AWS IoT 1-Click currently supports only two types of devices: the Wi-Fi-enabled AWS Enterprise Button and the AT&T LTE-M Button that uses cellular communications.

The AWS IoT Enterprise Button is actually a redesigned Amazon Dash Button, a device that was created to make ordering consumer products from Amazon really easy (Need more laundry soap? Press the button with the laundry soap logo on it, and the soap will appear in a couple of days, and your credit card debited). The potential of using this simple device for purposes other than shopping were apparent from the beginning (I covered the mechanics of hacking the Dash Button back in 2015).

The AT&T LTE-M Button uses AT&T’s Long Term Evolution for Machines (LTE-M) network, designed for simple, low-power devices that need wide-area coverage and to have a long battery life.

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AWS IoT 1-Click architecture

When the button is pressed on either type of device (single-click, double-click and long-press are all recognized) a secure and encrypted message is sent to the AWS IoT Core. The AWS 1-Click service messaging is based on the MQTT protocol so the button is actually an MQTT subscriber and the AWS IoT core is acting as an MQTT message broker. A message sent by a button specifies the device ID, and the AWS IoT Core Rules Engine determines what should be done, which can be really pretty much any functionality you can think of. 

Provisioning, management and reporting can all be done through either the AWS IoT Console or the AWS IoT Button Dev app (available for iOS and Android).

Cisco Systems Jasper

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Jasper Control Center architecture

“Cisco Systems’ Jasper is focused on mobile devices and distributed by more than 50 service providers currently servicing 85 million active IoT devices in over 120 countries and adding 2.5 million new devices per month.”

Devices that use cellular and LPWAN (that is, devices that connect frequently and have relatively high data usage) are managed with the Control Center for IoT, while devices running over NB-IoT wide area networking are managed via the Control Center for NB-IoT. In both cases, Control Center features include device monitoring, diagnostics, authentication, and fraud detection. Users can also add in additional Control Center services, which include an Automation Package, an Integration Package, an Analytics Package, Threat Protection and Smart Security for Purpose-Specific Tablets, and Traffic Segmentation.

For developing new cellular and LPWAN endpoint devices, Cisco offers the AT&T IoT Developer kits.

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Cisco Jasper Control Center for IoT

A particular strength of Cisco’s IoT offerings is their extensive IoT hardware product lines which include routers, IoT gateways, switches and wireless access points. Cisco also offers the IOx operating system, a Linux application environment for fog applications. Cisco explains:

Fog applications offer … the ability to transform IoT sensor data and perform control functions within the distributed network infrastructure. With the support of IOx included in routers, switches, and compute cards, the distributed IoT network can function as the compute environment for fog applications. Examples of deployed fog applications include site asset management, energy monitoring, and smart parking.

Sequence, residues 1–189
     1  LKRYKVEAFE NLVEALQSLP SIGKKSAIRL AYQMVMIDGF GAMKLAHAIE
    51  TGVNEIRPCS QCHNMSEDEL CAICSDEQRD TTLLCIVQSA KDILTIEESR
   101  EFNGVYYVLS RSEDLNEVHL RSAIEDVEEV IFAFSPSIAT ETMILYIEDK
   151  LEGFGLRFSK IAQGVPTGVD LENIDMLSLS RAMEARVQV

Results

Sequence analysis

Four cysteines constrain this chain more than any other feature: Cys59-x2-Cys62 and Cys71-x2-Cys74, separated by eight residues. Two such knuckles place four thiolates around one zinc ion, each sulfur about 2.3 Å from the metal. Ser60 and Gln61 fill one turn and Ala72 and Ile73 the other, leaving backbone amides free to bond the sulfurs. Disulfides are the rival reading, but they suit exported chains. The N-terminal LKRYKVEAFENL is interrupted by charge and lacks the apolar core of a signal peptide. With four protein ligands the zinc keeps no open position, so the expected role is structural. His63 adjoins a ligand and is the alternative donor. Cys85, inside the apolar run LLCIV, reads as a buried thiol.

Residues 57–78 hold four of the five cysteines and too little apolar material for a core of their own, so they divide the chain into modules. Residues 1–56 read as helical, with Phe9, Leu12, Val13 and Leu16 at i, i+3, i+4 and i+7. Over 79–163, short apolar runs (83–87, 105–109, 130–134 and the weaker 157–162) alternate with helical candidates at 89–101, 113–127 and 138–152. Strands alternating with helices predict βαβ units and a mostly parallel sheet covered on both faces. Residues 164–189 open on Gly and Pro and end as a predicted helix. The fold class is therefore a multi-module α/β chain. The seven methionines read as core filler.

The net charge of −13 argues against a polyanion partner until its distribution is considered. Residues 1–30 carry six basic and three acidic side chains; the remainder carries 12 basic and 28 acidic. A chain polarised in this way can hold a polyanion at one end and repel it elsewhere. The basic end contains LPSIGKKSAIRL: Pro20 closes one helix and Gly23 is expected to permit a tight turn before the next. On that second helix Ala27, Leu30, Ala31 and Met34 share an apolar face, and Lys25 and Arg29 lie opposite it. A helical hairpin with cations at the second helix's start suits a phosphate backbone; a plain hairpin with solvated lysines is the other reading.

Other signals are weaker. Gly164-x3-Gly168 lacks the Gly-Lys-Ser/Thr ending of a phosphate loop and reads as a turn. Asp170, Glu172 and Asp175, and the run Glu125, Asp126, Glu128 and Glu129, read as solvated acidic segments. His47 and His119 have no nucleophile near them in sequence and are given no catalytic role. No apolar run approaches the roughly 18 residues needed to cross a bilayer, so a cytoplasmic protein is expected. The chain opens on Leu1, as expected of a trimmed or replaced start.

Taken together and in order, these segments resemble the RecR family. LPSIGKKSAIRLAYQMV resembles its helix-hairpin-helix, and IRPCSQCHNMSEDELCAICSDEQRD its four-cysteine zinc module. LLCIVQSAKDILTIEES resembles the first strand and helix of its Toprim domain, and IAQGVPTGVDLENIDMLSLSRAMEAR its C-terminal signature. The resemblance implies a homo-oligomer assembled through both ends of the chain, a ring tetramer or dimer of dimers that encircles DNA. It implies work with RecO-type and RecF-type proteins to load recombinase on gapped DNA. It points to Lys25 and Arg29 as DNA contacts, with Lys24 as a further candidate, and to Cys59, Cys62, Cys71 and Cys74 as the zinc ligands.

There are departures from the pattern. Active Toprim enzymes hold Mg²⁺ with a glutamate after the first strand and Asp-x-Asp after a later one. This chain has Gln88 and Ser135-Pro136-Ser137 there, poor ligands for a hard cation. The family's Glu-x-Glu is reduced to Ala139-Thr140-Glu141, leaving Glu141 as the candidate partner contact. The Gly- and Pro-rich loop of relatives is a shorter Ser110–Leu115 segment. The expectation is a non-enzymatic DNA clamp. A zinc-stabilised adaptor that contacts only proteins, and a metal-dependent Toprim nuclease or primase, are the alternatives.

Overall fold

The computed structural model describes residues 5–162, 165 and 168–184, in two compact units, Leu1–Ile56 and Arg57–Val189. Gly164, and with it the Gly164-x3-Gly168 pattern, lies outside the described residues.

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Cisco’s Fog Manager is designed to manage large-scale production deployments of IOx-enabled fog applications from initial roll out through change management to application retirement. Fog Manager is delivered via a web GUI or it can be integrated with network management systems through APIs. The Fog Portal, designed for developing fog applications “… provides all the developer resources for the developer to develop, test their application and make them available for deployment via Fog Director,” Cisco says.

Last year, Cisco launched its Cisco Kinetic IoT platform, which includes connection management, fog computing and data delivery for a wider range of connected endpoint devices. The system’s cellular and LPWAN functionality comes from the Jasper platform so it can handle both wired and wireless devices. It’s likely that eventually Kinetic will become the main platform in Cisco’s IoT solutions.

Microsoft Azure IoT

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Microsoft Azure IoT architecture

Microsoft describes Azure IoT as “a fully managed SaaS (software-as-a-service) solution that makes it easy to connect, monitor and manage your IoT assets at scale.” Azure IoT provides two types of software libraries (available in .NET, C, Java, Node.js, and Python versions): device libraries for building apps on endpoint devices and service libraries for managing an Azure IoT hub, sending messages, scheduling jobs and sending updates to your IoT devices.

Microsoft has open-sourced a lot of their IoT technology and their GitHub repo is an excellent way to get into the hows and whys of Azure IoT. From Choose the right IoT Hub tier for your solution:

…Azure IoT Hub offers two tiers, basic and standard, that differ in the number of features they support. If your IoT solution is based around collecting data from devices and analyzing it centrally then the basic tier is probably right for you. If you want to use more advanced configurations to control IoT devices remotely or distribute some of your workloads onto the devices themselves then you should consider the standard tier.